Cambodia, Laos Targeted in CPF Expansion

CAMBODIA / LAOS - Thailand-based Charoen Pokphand Foods Plc (CPF) has announced new investments in Cambodia and Laos.
calendar icon 15 March 2013
clock icon 3 minute read

SET-listed CPF, the flagship company of the Charoen Pokphand (CP) Group, is ramping up its investments in Laos and Cambodia as part of its plan to prepare for regional economic integration in 2016, reports Bangkok Post.

Sakol Cheewakoset, the president of CP Laos and CP Cambodia, said a combined 250 million baht (THB) is being invested to set up a new silo and drying plant for maize at Pailin in Cambodia, and a new feed meal plant in Champasak, Laos. The goal is to strengthen the group's integrated agro-industrial business to serve the upcoming single market under the Asean Economic Community (AEC).

CP has invested in Cambodia since 1995. Its combined investment there amounts to THB3 billion, largely spent on feed, livestock farms and food-related production units such as sausage plants and slaughterhouses.

Mr Sakol said the silo and drying plant are to ensure effective distribution in western Cambodia and reduce logistics costs as the area is important for agricultural production.

He added the company is mulling investing in an aquatic business in Cambodia in the near future.

"CP's business in Cambodia is doing well as the food business still has opportunity to grow. Our five-year business plan aims to double our total sales every year," Mr Sakol told the newspaper.

For Laos, CPF plans a combined investment of about THB1 billion, mainly on the feed, farm and food sectors. Its food business there is just in the opening stages, with 'Five-Star' grilled chicken starting only recently.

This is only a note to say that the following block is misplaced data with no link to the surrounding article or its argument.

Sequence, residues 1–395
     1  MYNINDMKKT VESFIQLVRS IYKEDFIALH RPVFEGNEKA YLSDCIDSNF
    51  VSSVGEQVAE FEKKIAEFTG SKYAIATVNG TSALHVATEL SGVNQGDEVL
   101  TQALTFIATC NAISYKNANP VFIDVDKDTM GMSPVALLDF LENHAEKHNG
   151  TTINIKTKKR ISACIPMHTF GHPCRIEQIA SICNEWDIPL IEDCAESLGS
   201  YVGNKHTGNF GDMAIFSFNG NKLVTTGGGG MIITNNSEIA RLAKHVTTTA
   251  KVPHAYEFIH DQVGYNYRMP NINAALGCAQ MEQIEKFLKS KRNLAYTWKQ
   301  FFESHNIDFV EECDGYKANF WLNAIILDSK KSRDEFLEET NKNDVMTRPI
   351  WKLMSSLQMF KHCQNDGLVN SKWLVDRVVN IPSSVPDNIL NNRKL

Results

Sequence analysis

CP Laos started operations in 2006, running animal feed and livestock businesses.

It has one feed mill in Vientiane with production capacity of 10,000 tonnes per month. The new feed meal plant in Champasak province, slated for this year, will have production of 5,000 tonnes per month to serve consumption in the country's southern region. The plant is expected to reduce logistics cost by eliminating the need for transport from Vientiane.

Mr Sakol told Bangkok Post that the company is studying the possibility of launching organic production both for livestock and plants in the two countries to cater to growing organic food consumption.

"The general election in Cambodia is this July and should stabilise the political situation, while Laos has a policy to deliver its people from poverty by 2020," he said.

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